Growth is a process thus to grow in spirit is a day-to-day encounter. We win some, we lose some, but the important thing is that we learn, and from this knowledge, further spiritual growth is made possible. 

~~~ Do or Do Not. There is no Try - Yoda


Mapping Live - Vision of Success

What does success means to you? Success is more than just economic gains, titles, and/or degrees. Planning for success is about mapping out all the

aspects of your life. Similar to a map, you need to define the following details: origin, destination, vehicle, backpack, landmarks, and route. The clearer you are in definition, the better result you will get and the better chance you are to reach your destination.

Origin:  Who you are?

A map has a starting point. Your origin is who you are right now. Most people when asked to introduce themselves would say, “Hi, I’m Jean and I am a 17-year old, senior highschool student.” It does not tell you about who Jean is; it only tells you her present preoccupation. To gain insights about yourself, you need to look closely at your beliefs, values, and principles aside from your economic, professional, cultural, and civil status. Moreover, you can also reflect on your experiences to give you insights on your good and not-so-good traits, skills, knowledge, strengths, and weaknesses. Upon introspection, Jean realized that she was highly motivated, generous, service-oriented, but impatient. Her inclination was in the biological-medical field. Furthermore, she believed that life must serve a purpose, and that wars were destructive to human dignity.

Destination: A vision of who you want to be

“Who do want to be?” this is your vision. Now it is important that you know yourself so that you would have a clearer idea of who you want to be; and the things you want to change whether they are attitudes, habits, or points of view. If you hardly know yourself, then your vision and targets for the future would also be unclear. Your destination should cover all the aspects of your being: the physical, emotional, intellectual, and spiritual. Continuing Jean’s story, after she defined her beliefs, values, and principles in life, she decided that she wanted to have a life dedicated in serving her fellowmen.

Vehicle: Your Mission

A vehicle is the means by which you can reach your destination. It can be analogized to your mission or vocation in life. To a great extent, your mission would depend on what you know about yourself. Bases on Jean’s self-assessment, she decided that she was suited to become a doctor, and that she wanted to become one. Her chosen vocation was a medical doctor. Describing her vision-mission fully: it was to live a life dedicated to serving her fellowmen as a doctor in conflict-areas.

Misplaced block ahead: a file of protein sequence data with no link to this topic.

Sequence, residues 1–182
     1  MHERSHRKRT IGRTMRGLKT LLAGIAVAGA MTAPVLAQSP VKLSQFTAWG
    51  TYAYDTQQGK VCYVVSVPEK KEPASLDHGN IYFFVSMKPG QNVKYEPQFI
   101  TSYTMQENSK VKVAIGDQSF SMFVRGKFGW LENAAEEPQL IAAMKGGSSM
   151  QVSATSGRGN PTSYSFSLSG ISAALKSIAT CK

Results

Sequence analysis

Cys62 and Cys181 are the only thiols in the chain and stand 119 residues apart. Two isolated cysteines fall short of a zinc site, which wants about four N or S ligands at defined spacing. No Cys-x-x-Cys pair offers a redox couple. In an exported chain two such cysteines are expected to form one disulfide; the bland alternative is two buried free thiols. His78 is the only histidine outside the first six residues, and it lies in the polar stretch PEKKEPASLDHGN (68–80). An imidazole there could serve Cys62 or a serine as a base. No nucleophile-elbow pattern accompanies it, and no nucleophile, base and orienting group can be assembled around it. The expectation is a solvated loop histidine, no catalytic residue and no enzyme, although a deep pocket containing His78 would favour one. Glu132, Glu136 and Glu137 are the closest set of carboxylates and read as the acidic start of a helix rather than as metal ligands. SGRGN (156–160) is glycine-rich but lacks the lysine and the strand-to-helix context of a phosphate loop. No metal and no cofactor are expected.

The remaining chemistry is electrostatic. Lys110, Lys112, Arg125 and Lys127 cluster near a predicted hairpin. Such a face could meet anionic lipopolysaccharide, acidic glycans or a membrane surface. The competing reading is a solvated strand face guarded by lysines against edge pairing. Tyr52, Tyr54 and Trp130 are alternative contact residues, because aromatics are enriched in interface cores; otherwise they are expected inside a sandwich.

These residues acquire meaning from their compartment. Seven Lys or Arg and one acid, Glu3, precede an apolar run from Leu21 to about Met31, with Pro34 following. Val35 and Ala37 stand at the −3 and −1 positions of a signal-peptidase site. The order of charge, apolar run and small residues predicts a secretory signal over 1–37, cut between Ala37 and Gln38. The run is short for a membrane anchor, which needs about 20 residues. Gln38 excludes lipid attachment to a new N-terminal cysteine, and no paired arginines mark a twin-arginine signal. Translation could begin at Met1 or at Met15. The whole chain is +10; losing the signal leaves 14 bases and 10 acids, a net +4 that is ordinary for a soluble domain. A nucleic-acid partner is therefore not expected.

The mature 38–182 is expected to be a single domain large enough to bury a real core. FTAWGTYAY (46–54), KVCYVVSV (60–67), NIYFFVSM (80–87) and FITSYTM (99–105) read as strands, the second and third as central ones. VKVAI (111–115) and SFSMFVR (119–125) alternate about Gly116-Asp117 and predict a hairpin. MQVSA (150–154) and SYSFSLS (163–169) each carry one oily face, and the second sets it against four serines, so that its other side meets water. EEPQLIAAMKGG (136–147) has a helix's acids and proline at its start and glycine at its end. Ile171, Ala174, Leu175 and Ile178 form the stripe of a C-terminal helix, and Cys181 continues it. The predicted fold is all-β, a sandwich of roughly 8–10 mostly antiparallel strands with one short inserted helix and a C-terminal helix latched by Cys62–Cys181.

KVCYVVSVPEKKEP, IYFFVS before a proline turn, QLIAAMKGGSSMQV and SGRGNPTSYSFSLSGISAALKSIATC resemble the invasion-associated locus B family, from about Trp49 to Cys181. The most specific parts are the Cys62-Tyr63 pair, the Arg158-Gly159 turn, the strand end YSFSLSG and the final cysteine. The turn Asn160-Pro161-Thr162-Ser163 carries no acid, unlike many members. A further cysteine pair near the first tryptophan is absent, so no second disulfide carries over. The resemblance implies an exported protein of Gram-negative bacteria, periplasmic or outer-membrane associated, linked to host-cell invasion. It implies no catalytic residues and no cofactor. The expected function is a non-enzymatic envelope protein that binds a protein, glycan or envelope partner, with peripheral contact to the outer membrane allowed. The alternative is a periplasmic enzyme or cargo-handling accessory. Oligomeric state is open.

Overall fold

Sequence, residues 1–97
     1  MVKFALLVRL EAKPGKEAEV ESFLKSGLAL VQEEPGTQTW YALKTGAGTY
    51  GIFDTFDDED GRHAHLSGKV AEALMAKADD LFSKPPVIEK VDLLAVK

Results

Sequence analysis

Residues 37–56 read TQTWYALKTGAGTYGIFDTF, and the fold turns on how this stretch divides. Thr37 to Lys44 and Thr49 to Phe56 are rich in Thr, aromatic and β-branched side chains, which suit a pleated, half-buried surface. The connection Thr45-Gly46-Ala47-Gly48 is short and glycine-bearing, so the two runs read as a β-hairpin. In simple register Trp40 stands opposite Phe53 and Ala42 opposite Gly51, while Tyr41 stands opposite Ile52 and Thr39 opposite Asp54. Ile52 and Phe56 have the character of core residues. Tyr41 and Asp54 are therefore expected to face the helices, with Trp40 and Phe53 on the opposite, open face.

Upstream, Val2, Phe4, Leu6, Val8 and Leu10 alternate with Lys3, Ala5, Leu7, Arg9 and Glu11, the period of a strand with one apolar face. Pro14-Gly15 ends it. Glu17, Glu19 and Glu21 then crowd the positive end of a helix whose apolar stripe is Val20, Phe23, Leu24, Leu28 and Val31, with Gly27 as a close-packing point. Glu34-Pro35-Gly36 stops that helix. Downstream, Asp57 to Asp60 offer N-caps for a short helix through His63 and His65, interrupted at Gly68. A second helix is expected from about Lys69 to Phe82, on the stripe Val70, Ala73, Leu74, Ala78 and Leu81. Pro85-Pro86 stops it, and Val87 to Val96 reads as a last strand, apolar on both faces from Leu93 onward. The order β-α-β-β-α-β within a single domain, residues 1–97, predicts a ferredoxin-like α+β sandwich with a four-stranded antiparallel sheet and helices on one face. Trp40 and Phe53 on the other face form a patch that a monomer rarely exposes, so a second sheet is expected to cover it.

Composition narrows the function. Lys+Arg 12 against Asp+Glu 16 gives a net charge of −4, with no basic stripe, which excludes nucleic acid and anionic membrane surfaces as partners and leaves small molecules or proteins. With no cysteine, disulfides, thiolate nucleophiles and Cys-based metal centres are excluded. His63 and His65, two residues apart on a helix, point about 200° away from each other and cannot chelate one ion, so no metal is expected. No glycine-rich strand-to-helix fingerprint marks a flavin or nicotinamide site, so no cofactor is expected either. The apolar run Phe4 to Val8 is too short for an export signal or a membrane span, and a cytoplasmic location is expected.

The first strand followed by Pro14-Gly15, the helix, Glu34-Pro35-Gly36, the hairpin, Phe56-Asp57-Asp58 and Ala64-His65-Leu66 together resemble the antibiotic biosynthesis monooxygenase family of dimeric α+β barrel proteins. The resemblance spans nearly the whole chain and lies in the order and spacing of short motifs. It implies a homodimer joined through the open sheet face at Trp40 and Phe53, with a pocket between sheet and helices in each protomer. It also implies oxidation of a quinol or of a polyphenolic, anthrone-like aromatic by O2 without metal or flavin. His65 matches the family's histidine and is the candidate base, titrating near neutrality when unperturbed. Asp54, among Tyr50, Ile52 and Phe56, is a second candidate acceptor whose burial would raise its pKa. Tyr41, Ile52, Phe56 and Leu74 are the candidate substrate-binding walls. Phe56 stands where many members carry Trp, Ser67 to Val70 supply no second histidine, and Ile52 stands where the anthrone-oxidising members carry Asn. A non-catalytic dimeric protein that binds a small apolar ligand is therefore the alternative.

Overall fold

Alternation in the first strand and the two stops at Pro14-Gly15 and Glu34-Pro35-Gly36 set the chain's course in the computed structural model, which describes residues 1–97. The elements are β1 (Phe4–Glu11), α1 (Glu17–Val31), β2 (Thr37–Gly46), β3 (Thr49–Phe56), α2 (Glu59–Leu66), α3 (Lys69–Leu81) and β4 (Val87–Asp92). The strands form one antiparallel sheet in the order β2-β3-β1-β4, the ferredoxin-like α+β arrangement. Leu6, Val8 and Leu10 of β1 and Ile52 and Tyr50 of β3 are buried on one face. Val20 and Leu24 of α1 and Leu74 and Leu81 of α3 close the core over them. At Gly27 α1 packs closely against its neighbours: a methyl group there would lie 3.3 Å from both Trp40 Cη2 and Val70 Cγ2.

Travel Bag: Your knowledge, skills, and attitude

Food, drinks, medicines, and other travelling necessities are contained in a bag. Applying this concept to your life map, you also bring with you certain knowledge, skills, and attitudes. These determine your competence and help you in attaining your vision. Given such, there is a need for you to assess what knowledge, skills, and attitudes you have at present and what you need to gain along the way. This two-fold assessment will give you insights on your landmarks or measures of success. Jean realized that she needed to gain professional knowledge and skills on medicine so that she could become a doctor. She knew that she was a bit impatient with people so she realized that this was something she wanted to change.

Landmarks and Route: S.M.A.R.T. objectives

Landmarks confirm if you are on the right track while the route determines the travel time. Thus, in planning out your life, you also need to have landmarks and a route. These landmarks are your measures of success. These measures must be specific, measurable, attainable, realistic, and time bound. Thus you cannot set two major landmarks such as earning a master’s degree and a doctorate degree within a period of three years, since the minimum number of years to complete a master’s degree is two years. Going back to Jean as an example, she identified the following landmarks in her life map: completing a bachelor’s degree in biology by the age of 21; completing medicine by the age of 27; earning her specialization in infectious diseases by the age of 30; getting deployed in local public hospitals of their town by the age of 32; and serving as doctor in war-torn areas by the age of 35.

Anticipate Turns, Detours, and Potholes

The purpose of your life map is to minimize hasty and spur-of-the-moment decisions that can make you lose your way. But often times our plans are modified along the way due to some inconveniences, delays, and other situations beyond our control. Like in any path, there are turns, detours, and potholes thus; we must anticipate them and adjust accordingly.

~~~ Do or Do Not. There is no Try - Yoda